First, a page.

## The Mathematics in Writing

When I tell people that I'm a mathematician, I usually receive an expression of horror or dread. Popular responses are, "So you're a numbers guy?" or "Why would you do that to yourself?" For reasons unbeknownst to me, people in this country simply don't like math

Ever since I started writing The Last Descendant: The Air Runes ©, my family and closest friends have asked why I've gone away from mathematics and ventured into the world of writing. Truth be told, I don't see it as abandoning mathematics, but as incorporating writing into my life. Mathematics is unquestionably still a part of my day to day life. My job depends on it, my daily functions depend on it, and even my writing depends on it.

"In what way does my writing depend on mathematics?" is a question that I've pondered over throughout the launch of my career as an author. There are three major branches of mathematics that I've seen in my writing and I'm going to share them with you.

**1) Efficiency**

Ever since the beginning of the recession in 2008, businesses have been more conscious about getting the biggest bang for their buck. "How can I get the most benefit out of the expenses that I have to sacrifice for this company to run the way I want it to?"

These same businesses use mathematics as an integral part of their efficiency. They use mathematics and statistics to quantify what they're spending, how they're managing their spending, how much revenue is generated, and what is being done with that revenue. Without mathematics, efficiency isn't quantifiable, it's purely subjective. But what does this have to do with writing? Is writing quantifiable? If so, how do we determine whether or not our writing is efficient?

As someone who just finished writing a book, I can testify to the fact that it's possible to quantify writing. I had a daily goal, which I admit wasn't always met, of how much I wanted to write. I would measure that by the number of words, but since writing is a form of expression, there's an infinite number of ways that authors can measure what they write. A writer could look at the number of words, the number of pages, the number of chapters, the number of minutes, etc.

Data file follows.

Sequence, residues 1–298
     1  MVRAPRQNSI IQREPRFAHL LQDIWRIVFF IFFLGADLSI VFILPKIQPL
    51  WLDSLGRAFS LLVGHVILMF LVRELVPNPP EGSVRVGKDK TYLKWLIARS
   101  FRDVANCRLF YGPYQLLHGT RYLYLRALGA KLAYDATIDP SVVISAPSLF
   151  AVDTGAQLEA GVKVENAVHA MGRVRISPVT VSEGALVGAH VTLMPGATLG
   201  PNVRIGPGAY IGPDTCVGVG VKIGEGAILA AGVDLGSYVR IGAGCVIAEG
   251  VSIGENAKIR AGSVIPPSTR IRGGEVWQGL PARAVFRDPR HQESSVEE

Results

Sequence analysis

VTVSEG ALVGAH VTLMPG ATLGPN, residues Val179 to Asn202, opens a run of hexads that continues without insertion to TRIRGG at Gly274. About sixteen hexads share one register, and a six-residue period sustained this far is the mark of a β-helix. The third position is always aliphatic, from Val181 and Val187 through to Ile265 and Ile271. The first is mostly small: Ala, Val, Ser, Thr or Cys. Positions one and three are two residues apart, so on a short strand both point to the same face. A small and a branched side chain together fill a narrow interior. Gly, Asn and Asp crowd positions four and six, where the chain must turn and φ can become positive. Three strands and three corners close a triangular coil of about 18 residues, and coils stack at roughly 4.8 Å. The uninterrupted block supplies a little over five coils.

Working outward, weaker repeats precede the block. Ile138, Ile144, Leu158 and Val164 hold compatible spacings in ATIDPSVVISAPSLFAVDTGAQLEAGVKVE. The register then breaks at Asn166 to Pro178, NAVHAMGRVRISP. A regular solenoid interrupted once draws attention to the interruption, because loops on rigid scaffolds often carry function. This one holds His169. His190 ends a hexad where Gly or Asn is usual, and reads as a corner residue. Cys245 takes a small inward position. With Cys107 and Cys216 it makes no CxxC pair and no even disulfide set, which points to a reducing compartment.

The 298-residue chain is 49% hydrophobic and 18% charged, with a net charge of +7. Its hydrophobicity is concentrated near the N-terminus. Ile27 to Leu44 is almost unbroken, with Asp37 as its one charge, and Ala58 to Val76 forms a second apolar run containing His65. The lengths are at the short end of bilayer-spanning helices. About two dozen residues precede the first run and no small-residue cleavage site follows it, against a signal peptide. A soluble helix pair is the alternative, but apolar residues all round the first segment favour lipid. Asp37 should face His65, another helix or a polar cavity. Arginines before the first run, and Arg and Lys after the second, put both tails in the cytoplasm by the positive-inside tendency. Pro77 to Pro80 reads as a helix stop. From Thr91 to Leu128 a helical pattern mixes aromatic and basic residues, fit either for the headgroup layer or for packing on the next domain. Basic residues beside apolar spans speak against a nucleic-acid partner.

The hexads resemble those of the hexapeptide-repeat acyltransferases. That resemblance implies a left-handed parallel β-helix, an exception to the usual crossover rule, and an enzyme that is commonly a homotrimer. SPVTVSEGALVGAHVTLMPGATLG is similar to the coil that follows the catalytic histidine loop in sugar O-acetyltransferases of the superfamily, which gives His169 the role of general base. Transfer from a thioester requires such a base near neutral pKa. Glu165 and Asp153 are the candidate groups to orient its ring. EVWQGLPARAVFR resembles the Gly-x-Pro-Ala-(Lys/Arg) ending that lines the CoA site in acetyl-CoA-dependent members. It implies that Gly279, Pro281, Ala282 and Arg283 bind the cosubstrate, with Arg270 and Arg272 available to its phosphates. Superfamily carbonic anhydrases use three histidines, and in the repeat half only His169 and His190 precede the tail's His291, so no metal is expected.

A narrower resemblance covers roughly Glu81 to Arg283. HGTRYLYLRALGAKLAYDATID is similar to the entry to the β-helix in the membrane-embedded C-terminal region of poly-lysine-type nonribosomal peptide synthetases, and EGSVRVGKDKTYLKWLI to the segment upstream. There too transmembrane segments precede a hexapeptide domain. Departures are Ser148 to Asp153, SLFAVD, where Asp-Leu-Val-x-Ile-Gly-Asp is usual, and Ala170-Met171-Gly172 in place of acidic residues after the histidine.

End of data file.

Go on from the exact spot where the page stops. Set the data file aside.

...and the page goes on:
**2) Rules**

Mathematics is filled with rules of logic that must be adhered to. That's what makes it as encompassing as it is. Conjunctions, disjunctions, conditionals, biconditionals, negations; these are all tools that mathematicians rely on to write logic and proofs. In the same way, writers have an endless supply of grammatical tools and methods that allow them to write stories. Authors have different ways of tying together subjects and verbs, of describing the world around the characters, of painting a picture with their words.

In some sense, an author is a master of logic. Writers change the world in their book based on the traits of their characters. An aggressive antagonist can leave a world in ruin, a heroic protagonist can save everyone from imminent malice, a witty character can solve a mysterious murder, or a loving woman can find the man of her dreams. A book can't be pure imagination; if it is, then chaos will follow. Imagination and creativity are essential for any story, but so is the logical interaction that the characters have with their surrounding world.

**3) The Emphasis of Diction**

We've all laughed at the screenshots of text conversations where the dialogue takes an undesirable turn by an unfortunate text autocorrection. As funny as those errors are, they actually present an important point of writing and mathematics; the emphasis of diction.

If I were to say, "2 is an even number or a negative number", then you could easily acknowledge that that statement is true because even though 2 is not a negative number, it is an even number, so the requirements of the statement are satisfied. On the other hand, if I said, "2 is an even number and a negative number", then we would run into some problems. Just from the simple action of switching "or" to "and" changes the interpretation of the entire statement. This is a trivial example, but when working with more complex theorems, the diction that is used can make or break a mathematical proof.

In the same way, diction that's used in writing is instrumental, or detrimental, to the story. It's not enough to simply say what happens. As a writer, you must dig into the senses of the story; what do you see, what do you hear, what do you taste, what do you smell, what do you feel? Answering these questions is essential in order to allow your audience to experience the story that you write.

Working with mathematics is an analytical skill. It requires disciplined logical processes and all the theorems and proofs are cogs and belts in a complicated machine. In the same way, the characters and settings of a book mesh together as one unit. Clearly, mathematics and writing have many differences, but as someone who has seen both worlds, I have found some areas where they are the same.